Jack LaLanne Presses On : At 73, the Original High Priest of Exercise Is Anything but Retiring

Times Staff Writer

It’s 5 a.m. and not a creature is stirring when Jack LaLanne drags his physically fit body out of bed and into his home gym to pump iron for two hours.

Little has changed in this daily ritual over the last 50 years, not the lat pulls, not the bench presses, not the stomach crunches, not the dread of the workout itself.

Not even the blue jumpsuit.

At 73, LaLanne is still as fervent about exercise as a fundamentalist minister. Yet he currently has no television show, doesn’t make the rounds of chi-chi parties and doesn’t rank top in the exercise video market. Generations raised on LaLanne exercises are now being coached by movie stars in spandex and beefy bodybuilders with waxed torsos.


But reports of his retirement have been greatly exaggerated. After half a century in the fitness field, LaLanne travels roughly half the year for appearances and speeches, alone and with wife, Elaine, and he yearns to get back to television.

True to his character, he will not admit defeat.

“I never feel like I’ve been pushed back,” he says emphatically. “ Never ! It pushed me ahead! See, the more people got into it, the more it brought up Jack LaLanne. ‘Cause I’m the one who started all the present people. I’m for anything if it will help people get in shape !

“Retirement,” he says with a sigh. “Geez. That’s what Forest Lawn wants. Retire and they get ya! I don’t care how long I live, I want to live while I’m living. Most Americans, hell, they die at 40 and they bury ‘em at 70. Who wants that? I wanna be productive , I wanna be able to help people!”

As proof of his unwavering determination, at 7 a.m. on a recent weekday he is grimacing through leg extensions while big band music wafts from the speakers. He barely breaks concentration to greet two visitors who have joined him in the gym. Elaine LaLanne comes in a few minutes later, wearing a kelly green jumpsuit, and does the talking while her husband does isometric exercises with a towel.

LaLanne’s body is a testament to years of consistent rigorous training. Few men half his age could keep up with his gym routine, two hours of stretching and weight lifting, followed by an hour of swimming and exercises in his pool. His biceps haven’t lost their definition, nor have his thighs or calves. There is no hint of love handles. He looks like a man 20 years younger.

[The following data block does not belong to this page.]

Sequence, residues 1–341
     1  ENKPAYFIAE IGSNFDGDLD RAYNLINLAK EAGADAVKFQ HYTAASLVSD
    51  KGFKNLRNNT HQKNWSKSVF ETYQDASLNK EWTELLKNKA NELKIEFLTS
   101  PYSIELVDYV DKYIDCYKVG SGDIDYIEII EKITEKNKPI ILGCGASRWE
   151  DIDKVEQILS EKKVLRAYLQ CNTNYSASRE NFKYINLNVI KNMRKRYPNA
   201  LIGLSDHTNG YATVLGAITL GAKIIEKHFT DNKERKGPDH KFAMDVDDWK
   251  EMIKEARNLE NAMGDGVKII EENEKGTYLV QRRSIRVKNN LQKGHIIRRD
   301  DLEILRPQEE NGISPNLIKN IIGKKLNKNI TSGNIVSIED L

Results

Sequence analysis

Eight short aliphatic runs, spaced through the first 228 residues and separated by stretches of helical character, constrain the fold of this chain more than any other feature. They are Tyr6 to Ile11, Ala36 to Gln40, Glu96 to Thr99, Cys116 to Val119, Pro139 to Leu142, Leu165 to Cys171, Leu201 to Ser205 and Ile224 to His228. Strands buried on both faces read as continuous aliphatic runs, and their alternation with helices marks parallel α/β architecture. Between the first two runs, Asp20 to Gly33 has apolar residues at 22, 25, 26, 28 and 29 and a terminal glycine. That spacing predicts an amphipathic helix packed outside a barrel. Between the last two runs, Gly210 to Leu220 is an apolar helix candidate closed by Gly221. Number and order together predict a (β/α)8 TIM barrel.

Yet the years have etched lines in his face, made his skin droop some, thinned his hair and threaded it with gray. He walks with a slight stiffness, the result of a head-on car collision in the early ‘80s that left his left knee devoid of cartilage.

Elaine, who admits to being a “junk food junkie” before meeting her husband, has, at 62, the figure of a teen-ager and a similar zeal for the body beautiful. After the sun rises she takes off “dynastriding” (energetic walking) for a mile with Happy, the German shepherd, then joins her husband in the whirlpool. She is the author of “Fitness After 50" and “Dynastride!” and is much in demand on the senior citizens’ circuit, where she leads shopping mall walks.

If there is anything that keeps these two from looking their age, it is a seemingly bottomless supply of energy.

After his three hours of exercise, Jack, dressed in tight-fitting stretchy blue slacks and a zip-neck shirt, fixes breakfast: Nonfat milk, unfiltered apple juice, a banana and three packages of Jack LaLanne-brand strawberry-flavored protein powder, whipped up in a blender. He barely talks while he prepares it, a manifestation of his shyness around strangers.

With the pale pink shake, he gulps down about 100 vitamin and mineral supplements, three or four at a time: kelp, B-complex, C, cod liver, zinc. A quick check of the refrigerator and pantry reveals no secret caches of candy bars or cookies; only juices, milk, Hansen’s natural soda, Evian water, vegetables, fruit, and a few open bottles of wine.

The LaLannes moved to this small fishing village three years ago after selling their Hollywood Hills home. They have been married 29 years and met when Jack appeared on a Bay Area talk show co-hosted by Elaine. They each have children from previous marriages: Elaine’s son Dan Doyle, a 39-year-old photographer living in Los Angeles, and Jack’s daughter, Yvonne, 43, a chiropractor living in Walnut Creek. The LaLannes also have a son, Jon, a 27-year-old bartender and surfer who also makes custom surfboards in Malibu. Elaine had a daughter, Janet, who died 15 years ago at the age of 21.

Their custom-built house in the rural countryside includes a chicken coop, a museum gym where Jack stores his old equipment, several trophies and plaques, a nursery and greenhouse, an unfinished studio and an aviary stocked with exotic parrots.